3) So, when we talk about accessibility (and for me this is especially important for the marginalised poor and for those for whom mobility is a real issue), we have to have that discussion in the light of safety and affordability. We also need to factor into our budgets the need to help those who can’t afford travel and child care…..

This doesn’t stop with maternity and neonates. Only yesterday we have also seen the Health Secretary, Jeremy Hunt, decide to close large parts of Mid Staffordshire Hospital and redistribute services elsewhere, after the recent scandal involving substandard care. We are seeing ED’s closing and will see many more such ‘reorganisations’ happening.

I believe that leadership can be self-emptying and loving and sometimes hard medicine does not always feel like love. Personally, however, I feel that the way Mr Hunt acted was neither self-emptying or loving but rather dictatorial, bullish and driven by a very different ideological objective.

We do have some significant challenges ahead and there are some changes to our systems that are necessary in order to provide the most excellent and loving care. It will take some serious re-imagination and the breaking down of some current mindsets we hold.

Not that my opinion really counts for that much, but for what it’s worth, some of my ideas would be as follows:

I really believe in participatory economics (sounds fun, eh?!). There has been a lot of rhetoric about devolving of budgets and allowing local health boards to make decisions about how money is spent. Firstly this isn’t really happening, as any time a decision is made on something the ‘powers that be’ don’t like, they come and crush the idea and tell the boards what to do instead, with the threat that they will replace the board if they don’t comply! Secondly, it doesn’t go anywhere near far enough and it lacks integrity because there is no joined up thinking. If local people are going to make decisions about their local economy, then it must be the whole and not just a part. Currently we spend an enormous amount of money on treating disease (or preventing it through vaccinations), but nowhere near enough on promoting health in our communities. Isolated budgeting doesn’t work and we waste an enormous amount of time and resource. We know that maternity care and neonatal care are being made so much more complex by our astronomically rising rates of obesity and diabetes, but we’re not putting the money into the places that could help turn this tide. We are also not collaborating between areas like health and education but are rather putting them in competition with one another, which is genuinely crazy. So, if the people of North Wales want an amazing special care baby unit near by, which provides brilliant care, they could decide to do so, but there are cost implications on other services, and cost implications on keeping up the expertise of staff and giving them enough time and exposure to complicated scenarios to know how to handle them efficiently…..So, less learned helplessness, and more engagement…..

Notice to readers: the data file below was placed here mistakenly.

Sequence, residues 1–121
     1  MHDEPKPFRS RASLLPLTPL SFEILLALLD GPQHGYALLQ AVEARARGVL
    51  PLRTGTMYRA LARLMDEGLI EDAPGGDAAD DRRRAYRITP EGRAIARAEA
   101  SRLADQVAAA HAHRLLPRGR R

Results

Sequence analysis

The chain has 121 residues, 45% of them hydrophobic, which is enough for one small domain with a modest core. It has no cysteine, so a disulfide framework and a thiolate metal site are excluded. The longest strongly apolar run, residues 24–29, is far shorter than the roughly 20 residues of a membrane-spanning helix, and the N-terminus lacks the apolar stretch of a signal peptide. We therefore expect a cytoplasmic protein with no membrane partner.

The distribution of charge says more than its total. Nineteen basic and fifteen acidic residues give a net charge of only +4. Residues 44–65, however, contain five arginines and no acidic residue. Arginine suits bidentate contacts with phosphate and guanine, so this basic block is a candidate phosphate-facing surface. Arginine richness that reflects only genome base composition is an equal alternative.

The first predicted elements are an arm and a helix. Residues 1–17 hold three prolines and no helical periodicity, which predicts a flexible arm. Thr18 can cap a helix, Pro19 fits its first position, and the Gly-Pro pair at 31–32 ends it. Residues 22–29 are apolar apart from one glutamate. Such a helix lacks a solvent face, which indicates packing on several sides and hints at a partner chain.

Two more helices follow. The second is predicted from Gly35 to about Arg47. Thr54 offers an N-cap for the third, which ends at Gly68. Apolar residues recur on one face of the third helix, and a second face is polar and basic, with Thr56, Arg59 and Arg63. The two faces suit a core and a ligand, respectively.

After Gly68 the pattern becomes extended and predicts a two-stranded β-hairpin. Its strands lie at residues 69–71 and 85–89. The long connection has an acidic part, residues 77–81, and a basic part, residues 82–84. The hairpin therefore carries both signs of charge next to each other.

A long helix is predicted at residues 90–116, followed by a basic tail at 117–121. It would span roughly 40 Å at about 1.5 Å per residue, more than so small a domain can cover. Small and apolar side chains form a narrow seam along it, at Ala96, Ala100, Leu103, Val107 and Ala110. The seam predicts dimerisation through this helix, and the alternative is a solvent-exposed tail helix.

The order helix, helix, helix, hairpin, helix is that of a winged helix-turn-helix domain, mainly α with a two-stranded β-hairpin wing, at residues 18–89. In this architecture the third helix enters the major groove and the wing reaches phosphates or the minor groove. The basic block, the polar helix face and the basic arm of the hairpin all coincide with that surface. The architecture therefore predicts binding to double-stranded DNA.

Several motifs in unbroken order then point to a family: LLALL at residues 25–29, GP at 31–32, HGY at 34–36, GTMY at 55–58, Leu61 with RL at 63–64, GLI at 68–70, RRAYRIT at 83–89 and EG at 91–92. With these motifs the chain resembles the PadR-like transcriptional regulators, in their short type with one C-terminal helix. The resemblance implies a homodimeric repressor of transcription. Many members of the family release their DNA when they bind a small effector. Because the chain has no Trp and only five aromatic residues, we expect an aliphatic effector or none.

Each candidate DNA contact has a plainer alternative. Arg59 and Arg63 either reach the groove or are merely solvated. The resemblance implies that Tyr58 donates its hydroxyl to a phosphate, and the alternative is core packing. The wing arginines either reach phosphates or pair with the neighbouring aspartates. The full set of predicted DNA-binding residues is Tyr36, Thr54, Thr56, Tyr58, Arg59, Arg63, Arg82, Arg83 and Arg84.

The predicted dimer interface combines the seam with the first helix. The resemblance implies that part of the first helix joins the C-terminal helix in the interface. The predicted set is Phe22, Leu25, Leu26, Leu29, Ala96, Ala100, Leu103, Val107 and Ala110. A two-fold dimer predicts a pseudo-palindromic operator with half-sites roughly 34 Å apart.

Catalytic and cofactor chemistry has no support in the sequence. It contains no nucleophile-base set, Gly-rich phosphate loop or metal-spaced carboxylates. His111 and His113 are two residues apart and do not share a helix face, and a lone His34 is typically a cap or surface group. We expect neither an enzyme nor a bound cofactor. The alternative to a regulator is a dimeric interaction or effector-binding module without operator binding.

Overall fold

Within that, we need to watch out for selfishness and all wanting our own rights. For me there would need to be priority care for children, women, the marginalised poor (especially including destitute asylum seekers), prisoners, the elderly and the mentally ill.

I also believe in gift economics. Towns and cities within a region can gift things to one another. This is already happening in healthcare and could happen more and in many other fields. For example, in North Lancashire, Blackpool has a gift of cardiology and cardiac surgery. It is a regional centre of excellence. There was initial resistance and concern about losing and moving local services but survival outcomes after heart attacks and many other conditions, both in terms of mortality and morbidity (how well you are afterwards) are far better across the region. Preston has a gift of neurology and neurosurgery and again provide excellent care. We don’t all need to have everything. Learning how to work in partnership and collaboration is key.

We need less of a blame culture. We need more compassion and understanding when things go wrong. Even if all the complex care is put into regional specialist centres, things will sadly still go wrong at times, mums and babies will still be poorly and die sometimes and nothing will change this……so some would ask, is all the reorganisation therefore worthwhile?

The redesign of our current systems is necessary and complicated. Sometimes, in the face of the economic beast and within the suffocating nation state environment, we can feel hopeless of change and helpless in our learnt disempowerment. Foucault says that we’re not really disempowered…..we just think we are. Revolution doesn’t have to be violent and bloody. Revolution can occur when enough people chose to engage, to love and to become the change they want to see…..

In the mean time, my plea would be this. Let those who are making tough decisions do so out of love and goodness, and not look to make healthcare profitable for private company share holders. Secondly, let those who don’t make decisions be kind to those who do….